The controversial proposal backed by the EFL was seen as a power grab from the Premier League’s “big six”
Premier League clubs unanimously agreed on Wednesday to reject the radical “Project Big Picture” plan after a meeting between the top division’s 20 teams.
Liverpool and Manchester United being the two clubs that drafted the proposal, have reportedly agreed to abandon their plans following stiff opposition from the rest of the Premier League.
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The controversial plan featured a £250-million bailout for the 72 teams in the second, third, and fourth tiers of English football, in addition to a 25% share of the Premier League’s annual revenue. It received “overwhelming” support from lower-league clubs on Tuesday.
However, the EPL plans for an alternative solution such as to assist with the financing and survival of the English Football League.
“Clubs will work collaboratively, in an open and transparent process, focusing on competition structure, calendar, governance, and financial sustainability,” the league said in a statement. “This project has the full support of The FA and will include engagement with all relevant stakeholders including fans, Government and, of course, the EFL.”
In the interim, the Premier League is making £50 million grants and interest-free loans as a rescue package for the clubs under League One and Two, the third and fourth tiers.
Teams in the lower leagues are at greater risk of bankruptcy because of their reliance on matchday revenue, which currently doesn’t exist due to games being played behind closed doors.
“League One and League Two clubs rely more heavily on matchday revenue and have fewer resources at their disposal than Championship or Premier League clubs and are therefore more at risk, especially at a time when fans are excluded from attending matches,” said the Premier League’s statement.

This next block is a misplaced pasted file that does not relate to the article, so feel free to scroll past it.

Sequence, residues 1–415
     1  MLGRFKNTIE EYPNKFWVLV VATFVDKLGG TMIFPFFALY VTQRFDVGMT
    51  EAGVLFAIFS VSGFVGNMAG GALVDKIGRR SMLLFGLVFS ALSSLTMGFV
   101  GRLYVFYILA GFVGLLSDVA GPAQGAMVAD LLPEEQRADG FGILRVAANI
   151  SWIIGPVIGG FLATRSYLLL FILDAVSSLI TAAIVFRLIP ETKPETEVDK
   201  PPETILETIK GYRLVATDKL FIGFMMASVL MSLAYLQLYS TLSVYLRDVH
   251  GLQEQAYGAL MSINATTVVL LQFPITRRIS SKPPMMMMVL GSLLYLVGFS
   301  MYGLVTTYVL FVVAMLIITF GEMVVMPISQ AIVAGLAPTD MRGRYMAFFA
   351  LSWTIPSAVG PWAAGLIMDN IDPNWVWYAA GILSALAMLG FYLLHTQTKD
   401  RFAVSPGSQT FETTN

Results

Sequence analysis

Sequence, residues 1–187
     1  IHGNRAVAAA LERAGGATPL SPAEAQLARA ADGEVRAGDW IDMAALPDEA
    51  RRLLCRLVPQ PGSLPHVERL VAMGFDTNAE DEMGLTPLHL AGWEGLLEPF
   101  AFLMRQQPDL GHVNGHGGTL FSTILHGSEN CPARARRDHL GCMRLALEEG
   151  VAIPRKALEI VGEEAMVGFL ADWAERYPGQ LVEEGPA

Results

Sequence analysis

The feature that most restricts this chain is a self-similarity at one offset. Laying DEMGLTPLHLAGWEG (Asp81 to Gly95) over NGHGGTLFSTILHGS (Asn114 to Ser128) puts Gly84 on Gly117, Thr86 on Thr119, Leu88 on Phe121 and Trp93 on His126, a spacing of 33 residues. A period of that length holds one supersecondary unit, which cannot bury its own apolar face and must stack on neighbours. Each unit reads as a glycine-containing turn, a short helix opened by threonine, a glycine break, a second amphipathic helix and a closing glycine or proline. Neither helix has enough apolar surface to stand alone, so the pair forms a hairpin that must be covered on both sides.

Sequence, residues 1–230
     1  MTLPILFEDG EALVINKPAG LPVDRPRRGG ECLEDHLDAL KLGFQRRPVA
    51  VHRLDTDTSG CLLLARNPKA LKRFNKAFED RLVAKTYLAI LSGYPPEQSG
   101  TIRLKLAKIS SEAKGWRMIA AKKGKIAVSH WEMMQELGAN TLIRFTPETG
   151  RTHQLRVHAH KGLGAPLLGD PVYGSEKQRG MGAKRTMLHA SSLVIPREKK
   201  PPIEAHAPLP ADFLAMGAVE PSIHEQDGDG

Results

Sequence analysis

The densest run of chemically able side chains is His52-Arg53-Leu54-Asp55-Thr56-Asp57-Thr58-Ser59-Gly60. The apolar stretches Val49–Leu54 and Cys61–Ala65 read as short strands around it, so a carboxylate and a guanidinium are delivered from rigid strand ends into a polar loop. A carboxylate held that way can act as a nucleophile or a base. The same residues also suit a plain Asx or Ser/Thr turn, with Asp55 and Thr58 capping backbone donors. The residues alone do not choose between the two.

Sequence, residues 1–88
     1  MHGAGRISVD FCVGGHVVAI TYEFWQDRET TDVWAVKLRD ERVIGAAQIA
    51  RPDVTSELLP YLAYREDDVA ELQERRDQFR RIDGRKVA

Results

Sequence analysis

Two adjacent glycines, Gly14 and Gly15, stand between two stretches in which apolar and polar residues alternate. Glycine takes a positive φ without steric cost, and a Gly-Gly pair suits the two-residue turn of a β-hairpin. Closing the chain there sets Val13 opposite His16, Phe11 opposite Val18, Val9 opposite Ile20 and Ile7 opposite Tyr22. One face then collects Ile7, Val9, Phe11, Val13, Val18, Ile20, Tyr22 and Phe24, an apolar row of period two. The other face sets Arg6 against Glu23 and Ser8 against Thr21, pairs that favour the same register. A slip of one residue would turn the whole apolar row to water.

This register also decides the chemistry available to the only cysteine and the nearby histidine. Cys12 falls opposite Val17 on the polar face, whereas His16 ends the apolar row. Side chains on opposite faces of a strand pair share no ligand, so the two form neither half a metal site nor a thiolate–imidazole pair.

“Football is not the same without attending fans and the football economy is unsustainable without them. The Premier League and all our clubs remain committed to the safe return of fans as soon as possible.”
EFL chairman Rick Parry championed Project Big Picture last week, saying it was “designed for the greater good of English football.” Parry forecasted a £200-million shortfall by the end of September because of coronavirus-related restrictions.
Crucially, the controversial reforms would’ve given superior veto power to nine of the Premier League’s biggest clubs – United, Liverpool, Manchester City, Chelsea, Tottenham, Arsenal, Everton, West Ham United, and Southampton – allowing those teams to control how broadcast revenue is distributed.
The Football Association, currently holds special voting privileges and possesses the power to approve or disapprove rule changes, strongly opposed the plans, according to The Guardian’s David Hytner and Paul MacInnes.
Everton chief executive Denise Barrett-Baxendale reportedly asked for an apology from Liverpool and United, who were accused of backroom scheming. The chairmen of both clubs refused.